It shouldn’t have to come to this.
If you’ve been listening to local radio lately, you might have heard a paid announcement from Richmond County Sheriff Richard Roundtree imploring the Augusta Commission to consider raises for his officers.
We don’t blame Roundtree, but the commission should feel a bit sheepish. Richmond County’s chief law enforcement officer shouldn’t have to essentially shake a tin cup in public to rustle up the money his understaffed staff deserves.
Before the sheriff resorts to a GoFundMe campaign or lemonade stands, we’d urge the commission to knuckle down as they continue its 2018 budget sessions, and find at least some of the money Roundtree is asking for to better compensate the people who help protect us.
We referred to them as “his” officers, meaning Roundtree supervises them. But really they’re our officers – the citizens of Augusta. And Augusta is fortunate to have them.
What kind of service do you get for your law-enforcement dollar if you live in Augusta? You get selfless dedication from officers such as Sgt. Greg Meagher. He died during an emergency call in February 2017, after inhaling liquid nitrogen while trying to save an employee at a sperm bank where chemical tanks needed to be shut off.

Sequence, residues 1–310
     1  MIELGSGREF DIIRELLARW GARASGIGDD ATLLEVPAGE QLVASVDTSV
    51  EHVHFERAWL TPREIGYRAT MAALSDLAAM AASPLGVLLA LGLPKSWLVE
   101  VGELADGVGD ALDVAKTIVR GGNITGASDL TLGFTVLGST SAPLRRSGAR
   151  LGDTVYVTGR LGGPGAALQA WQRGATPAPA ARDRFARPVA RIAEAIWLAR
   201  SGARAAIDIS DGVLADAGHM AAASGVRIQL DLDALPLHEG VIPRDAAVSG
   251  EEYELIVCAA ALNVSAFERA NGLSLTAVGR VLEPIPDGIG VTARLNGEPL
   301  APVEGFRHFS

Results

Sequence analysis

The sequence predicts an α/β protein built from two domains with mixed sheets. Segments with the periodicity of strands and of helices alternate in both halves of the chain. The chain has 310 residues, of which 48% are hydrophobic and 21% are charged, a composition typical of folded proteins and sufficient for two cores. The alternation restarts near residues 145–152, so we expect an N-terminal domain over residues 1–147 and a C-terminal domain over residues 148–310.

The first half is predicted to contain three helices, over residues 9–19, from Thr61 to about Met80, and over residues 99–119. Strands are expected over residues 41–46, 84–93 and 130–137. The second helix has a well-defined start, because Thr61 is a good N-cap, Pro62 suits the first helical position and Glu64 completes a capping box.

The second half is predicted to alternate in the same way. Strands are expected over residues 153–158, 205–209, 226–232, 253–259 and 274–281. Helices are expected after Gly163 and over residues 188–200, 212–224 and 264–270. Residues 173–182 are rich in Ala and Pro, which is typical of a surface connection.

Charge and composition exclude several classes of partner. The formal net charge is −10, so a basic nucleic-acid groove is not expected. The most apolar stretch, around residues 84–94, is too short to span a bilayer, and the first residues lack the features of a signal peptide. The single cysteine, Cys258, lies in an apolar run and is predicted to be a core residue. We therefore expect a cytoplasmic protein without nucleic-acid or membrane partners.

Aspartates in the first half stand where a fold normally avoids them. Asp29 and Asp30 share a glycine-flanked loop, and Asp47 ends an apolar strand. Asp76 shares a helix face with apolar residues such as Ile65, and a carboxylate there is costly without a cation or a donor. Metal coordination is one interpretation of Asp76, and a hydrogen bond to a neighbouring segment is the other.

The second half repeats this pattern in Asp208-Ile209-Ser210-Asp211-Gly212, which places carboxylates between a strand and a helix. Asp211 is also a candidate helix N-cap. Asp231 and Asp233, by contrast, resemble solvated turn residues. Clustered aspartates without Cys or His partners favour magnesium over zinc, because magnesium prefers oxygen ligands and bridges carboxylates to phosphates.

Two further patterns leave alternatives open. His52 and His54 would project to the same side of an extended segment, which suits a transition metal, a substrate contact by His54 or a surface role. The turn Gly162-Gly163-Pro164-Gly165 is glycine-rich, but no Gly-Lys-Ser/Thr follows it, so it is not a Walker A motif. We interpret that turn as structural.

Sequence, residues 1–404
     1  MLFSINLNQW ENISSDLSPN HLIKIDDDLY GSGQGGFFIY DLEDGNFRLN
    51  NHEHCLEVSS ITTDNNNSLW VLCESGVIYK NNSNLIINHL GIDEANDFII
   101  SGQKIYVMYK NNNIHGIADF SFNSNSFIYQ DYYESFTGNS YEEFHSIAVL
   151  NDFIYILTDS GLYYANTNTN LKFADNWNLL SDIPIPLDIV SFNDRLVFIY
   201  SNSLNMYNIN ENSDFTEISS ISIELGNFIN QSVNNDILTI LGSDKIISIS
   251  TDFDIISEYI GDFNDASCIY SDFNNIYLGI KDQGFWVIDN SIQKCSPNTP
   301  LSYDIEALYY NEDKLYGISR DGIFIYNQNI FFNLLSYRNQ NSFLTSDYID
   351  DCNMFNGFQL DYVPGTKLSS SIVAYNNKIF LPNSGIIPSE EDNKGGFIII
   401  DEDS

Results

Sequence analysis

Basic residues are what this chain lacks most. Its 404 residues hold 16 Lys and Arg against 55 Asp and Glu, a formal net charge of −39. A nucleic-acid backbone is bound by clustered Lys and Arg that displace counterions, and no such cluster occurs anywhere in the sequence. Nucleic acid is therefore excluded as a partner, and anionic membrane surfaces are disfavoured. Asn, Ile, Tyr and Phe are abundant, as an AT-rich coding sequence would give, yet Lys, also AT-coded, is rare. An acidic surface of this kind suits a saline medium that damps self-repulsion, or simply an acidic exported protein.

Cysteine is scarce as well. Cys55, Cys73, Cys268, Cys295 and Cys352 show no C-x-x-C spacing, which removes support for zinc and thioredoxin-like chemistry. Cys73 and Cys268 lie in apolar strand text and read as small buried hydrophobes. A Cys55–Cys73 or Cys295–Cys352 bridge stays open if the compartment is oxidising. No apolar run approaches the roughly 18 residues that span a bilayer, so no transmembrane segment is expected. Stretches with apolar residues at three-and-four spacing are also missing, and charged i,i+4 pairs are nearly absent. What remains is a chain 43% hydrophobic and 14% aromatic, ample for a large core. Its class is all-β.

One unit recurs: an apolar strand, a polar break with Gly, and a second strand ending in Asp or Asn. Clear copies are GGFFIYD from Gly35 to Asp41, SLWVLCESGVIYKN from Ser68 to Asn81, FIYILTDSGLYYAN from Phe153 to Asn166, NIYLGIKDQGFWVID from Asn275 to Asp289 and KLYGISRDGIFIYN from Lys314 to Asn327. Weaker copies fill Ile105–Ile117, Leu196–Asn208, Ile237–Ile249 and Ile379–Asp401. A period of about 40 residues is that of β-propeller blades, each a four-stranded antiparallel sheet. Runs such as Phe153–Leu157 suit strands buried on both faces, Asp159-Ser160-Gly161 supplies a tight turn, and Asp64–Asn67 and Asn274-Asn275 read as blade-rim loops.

Meagher also was shot in the face in 2004 while assisting federal agents in a Burke County drug sting. He spent a good part of his 33 years in law enforcement fighting the good fight in the war on illegal drugs. He even helped rush a woman in labor from a south Augusta restaurant to University Hospital.
Consider Meagher’s service record, and know this: For what we’re currently paying officers, Augusta is getting a bargain.
But it’s a bargain our officers don’t deserve to shoulder through their comparatively lower salaries.
The problem is twofold. Starting pay that’s too low won’t entice new officers to join. And veterans who don’t get deserved raises won’t be enticed to stay.
Many officers did get raises in 2015, but unfortunately Augusta still can’t seem to keep up with its neighbors.
In Augusta, an untrained new jailer starts at $32,098 a year, which rises to $33,457 after the employee completes jailer school. A certified deputy makes $34,884, and gets a bump to $37,630 after two years’ service. But that’s the only experience-based raise a Richmond officer gets.
Certified officers in neighboring Columbia and Aiken counties start out at higher salaries than their counterparts in Richmond. And those officers earn even higher salaries for earning college degrees.
Compared side by side, you can see why a Richmond County law officer would at least consider moving to a neighboring county with a lower crime rate, and for higher pay.
And that shouldn’t be allowed to happen.
With Augusta poised for growth in the next couple of years, the city can’t be caught unprepared, from a law enforcement standpoint, for the expected increased needs in public safety.
Even if the money has to be found a nickel and dime at a time, the city has to creatively but reliably find better recompense for the men and women who put their lives on the line every day to keep Augusta safe.